In persons who have been discharged from hospital after a total hip replacement, do rehabilitation exercises guided by a physiotherapist improve strength, gait, function and quality of life? Are these exercises as effective in an unsupervised home-based setting as they are in a supervised outpatient setting? A systematic review with meta-analysis of randomised trials of Adult patients after elective total hip replacement was conducted. Participants were given physiotherapist-directed rehabilitation exercises post discharge from hospital following total hip replacement. The outcome measures were hip and knee strength, gait parameters, functional measures, and quality of life. Five studies comprising 234 participants were included in the review. Sufficient data for meta-analysis were only obtained for hip and knee strength, gait speed and cadence. Physiotherapy rehabilitation improved hip abductor strength by a mean of 16Nm (95% CI 10 to 22), gait speed by 6 m/min (95% CI 1 to 11) and cadence by 20 steps/min (95% CI 8 to 32). Favourable but non-significant improvements in strength were noted for other muscle groups at the hip and knee. Meta-analysis could not be performed on function and quality of life due to a lack of data and heterogeneity of measures, but functional measures tended to favour the physiotherapy rehabilitation group. Most outcomes were similar between outpatient and home-based exercise programs.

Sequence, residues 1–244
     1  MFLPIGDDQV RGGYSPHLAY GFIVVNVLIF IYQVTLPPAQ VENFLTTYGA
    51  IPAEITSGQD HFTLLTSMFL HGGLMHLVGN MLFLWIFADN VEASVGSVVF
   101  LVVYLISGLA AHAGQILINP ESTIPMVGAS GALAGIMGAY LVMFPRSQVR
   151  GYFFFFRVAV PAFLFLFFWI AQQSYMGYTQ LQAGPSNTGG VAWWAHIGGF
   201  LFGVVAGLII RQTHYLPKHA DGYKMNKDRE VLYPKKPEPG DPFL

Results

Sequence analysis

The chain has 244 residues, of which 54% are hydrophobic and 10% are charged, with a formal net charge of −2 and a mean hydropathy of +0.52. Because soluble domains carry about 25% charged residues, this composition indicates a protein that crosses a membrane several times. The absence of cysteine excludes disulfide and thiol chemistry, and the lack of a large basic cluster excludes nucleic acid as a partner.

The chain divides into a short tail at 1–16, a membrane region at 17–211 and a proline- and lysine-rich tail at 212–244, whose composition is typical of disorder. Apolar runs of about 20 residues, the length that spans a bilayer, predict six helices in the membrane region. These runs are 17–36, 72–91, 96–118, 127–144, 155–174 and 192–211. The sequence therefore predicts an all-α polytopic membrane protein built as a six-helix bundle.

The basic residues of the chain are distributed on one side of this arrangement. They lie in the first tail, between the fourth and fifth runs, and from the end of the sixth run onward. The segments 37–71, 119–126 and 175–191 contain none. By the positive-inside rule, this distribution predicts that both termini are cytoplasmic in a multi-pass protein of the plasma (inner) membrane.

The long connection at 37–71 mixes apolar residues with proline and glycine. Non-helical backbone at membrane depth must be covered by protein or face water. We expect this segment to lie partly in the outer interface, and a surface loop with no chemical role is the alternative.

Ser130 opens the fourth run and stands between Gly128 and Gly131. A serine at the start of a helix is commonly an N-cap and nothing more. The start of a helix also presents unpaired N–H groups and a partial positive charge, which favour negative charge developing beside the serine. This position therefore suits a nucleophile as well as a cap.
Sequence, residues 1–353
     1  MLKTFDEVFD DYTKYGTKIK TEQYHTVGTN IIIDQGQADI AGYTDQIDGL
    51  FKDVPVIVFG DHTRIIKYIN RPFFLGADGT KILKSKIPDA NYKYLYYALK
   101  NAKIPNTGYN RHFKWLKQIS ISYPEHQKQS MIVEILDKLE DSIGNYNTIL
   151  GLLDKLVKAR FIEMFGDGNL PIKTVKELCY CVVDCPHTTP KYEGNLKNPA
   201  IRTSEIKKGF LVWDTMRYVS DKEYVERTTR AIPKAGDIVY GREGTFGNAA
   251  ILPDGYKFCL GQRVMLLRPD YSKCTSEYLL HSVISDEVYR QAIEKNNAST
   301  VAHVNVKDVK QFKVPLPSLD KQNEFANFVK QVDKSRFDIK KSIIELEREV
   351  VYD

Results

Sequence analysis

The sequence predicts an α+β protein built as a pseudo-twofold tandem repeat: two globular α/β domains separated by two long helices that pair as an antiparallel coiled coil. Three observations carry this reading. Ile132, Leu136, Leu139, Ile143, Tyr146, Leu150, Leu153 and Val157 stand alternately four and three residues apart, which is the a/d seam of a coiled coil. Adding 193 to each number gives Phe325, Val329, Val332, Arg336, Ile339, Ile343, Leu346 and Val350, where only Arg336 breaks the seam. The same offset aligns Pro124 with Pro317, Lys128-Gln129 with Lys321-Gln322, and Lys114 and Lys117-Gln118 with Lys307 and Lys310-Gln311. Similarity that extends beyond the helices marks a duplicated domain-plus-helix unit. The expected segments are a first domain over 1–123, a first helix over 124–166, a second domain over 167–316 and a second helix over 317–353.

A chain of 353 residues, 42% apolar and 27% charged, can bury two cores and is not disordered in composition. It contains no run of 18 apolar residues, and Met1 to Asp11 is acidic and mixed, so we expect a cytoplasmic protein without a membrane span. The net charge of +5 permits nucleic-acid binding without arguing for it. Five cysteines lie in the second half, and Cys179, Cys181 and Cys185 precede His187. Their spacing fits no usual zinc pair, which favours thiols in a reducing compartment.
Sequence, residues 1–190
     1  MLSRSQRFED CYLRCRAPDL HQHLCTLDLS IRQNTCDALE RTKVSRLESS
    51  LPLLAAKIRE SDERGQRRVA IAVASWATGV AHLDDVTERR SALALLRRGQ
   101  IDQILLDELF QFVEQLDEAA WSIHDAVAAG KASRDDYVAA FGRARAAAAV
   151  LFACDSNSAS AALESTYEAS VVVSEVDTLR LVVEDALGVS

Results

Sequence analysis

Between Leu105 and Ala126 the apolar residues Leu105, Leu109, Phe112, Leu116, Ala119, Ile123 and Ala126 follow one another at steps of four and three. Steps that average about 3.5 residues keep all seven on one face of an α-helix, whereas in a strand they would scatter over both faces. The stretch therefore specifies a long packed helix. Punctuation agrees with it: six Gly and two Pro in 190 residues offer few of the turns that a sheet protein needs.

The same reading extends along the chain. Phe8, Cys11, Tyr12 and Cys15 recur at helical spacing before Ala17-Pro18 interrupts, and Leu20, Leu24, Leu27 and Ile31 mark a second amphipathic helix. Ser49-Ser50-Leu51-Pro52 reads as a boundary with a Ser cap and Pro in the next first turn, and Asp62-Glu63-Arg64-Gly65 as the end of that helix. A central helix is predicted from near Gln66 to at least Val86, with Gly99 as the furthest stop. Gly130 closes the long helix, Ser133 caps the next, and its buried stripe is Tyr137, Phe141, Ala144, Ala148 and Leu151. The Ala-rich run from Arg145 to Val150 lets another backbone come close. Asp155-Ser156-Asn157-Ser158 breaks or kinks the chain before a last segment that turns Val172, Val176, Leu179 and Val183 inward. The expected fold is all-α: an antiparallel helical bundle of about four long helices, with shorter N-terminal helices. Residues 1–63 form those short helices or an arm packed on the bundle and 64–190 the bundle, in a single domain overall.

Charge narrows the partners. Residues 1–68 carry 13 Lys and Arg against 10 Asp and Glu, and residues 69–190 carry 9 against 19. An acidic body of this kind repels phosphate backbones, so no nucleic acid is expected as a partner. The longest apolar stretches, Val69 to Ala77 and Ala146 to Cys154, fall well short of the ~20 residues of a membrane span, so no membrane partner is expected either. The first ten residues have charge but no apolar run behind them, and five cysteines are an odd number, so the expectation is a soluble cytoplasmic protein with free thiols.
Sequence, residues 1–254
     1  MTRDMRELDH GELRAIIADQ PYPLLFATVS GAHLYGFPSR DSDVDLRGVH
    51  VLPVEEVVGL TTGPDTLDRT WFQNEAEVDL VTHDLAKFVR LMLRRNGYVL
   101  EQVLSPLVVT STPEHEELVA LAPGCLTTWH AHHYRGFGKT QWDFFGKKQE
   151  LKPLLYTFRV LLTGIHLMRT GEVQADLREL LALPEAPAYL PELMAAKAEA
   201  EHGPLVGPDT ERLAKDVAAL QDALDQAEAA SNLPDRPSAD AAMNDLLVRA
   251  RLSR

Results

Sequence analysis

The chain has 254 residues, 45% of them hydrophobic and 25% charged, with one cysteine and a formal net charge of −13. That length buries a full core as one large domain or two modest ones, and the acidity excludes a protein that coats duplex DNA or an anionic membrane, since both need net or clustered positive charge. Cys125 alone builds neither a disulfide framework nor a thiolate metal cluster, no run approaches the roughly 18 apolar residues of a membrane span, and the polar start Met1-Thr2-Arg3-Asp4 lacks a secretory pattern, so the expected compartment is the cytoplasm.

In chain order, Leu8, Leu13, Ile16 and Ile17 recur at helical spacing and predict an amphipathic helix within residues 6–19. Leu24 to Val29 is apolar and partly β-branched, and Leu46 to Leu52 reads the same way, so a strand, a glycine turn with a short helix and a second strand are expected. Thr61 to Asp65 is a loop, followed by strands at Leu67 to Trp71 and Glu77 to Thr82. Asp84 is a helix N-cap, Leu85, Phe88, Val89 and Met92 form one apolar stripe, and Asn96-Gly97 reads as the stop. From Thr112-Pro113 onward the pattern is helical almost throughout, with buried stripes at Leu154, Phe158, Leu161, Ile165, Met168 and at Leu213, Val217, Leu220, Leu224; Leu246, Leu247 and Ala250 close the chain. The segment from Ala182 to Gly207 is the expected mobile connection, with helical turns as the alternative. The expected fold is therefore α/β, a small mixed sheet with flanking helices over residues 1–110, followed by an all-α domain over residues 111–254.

It was concluded from the review that physiotherapy rehabilitation improves hip abductor strength, gait speed and cadence in people who have been discharged from hospital following total hip replacement. Physiotherapist-directed rehabilitation exercises appear to have a similar efficacy whether they are performed unsupervised at home or supervised by a physiotherapist in an outpatient setting.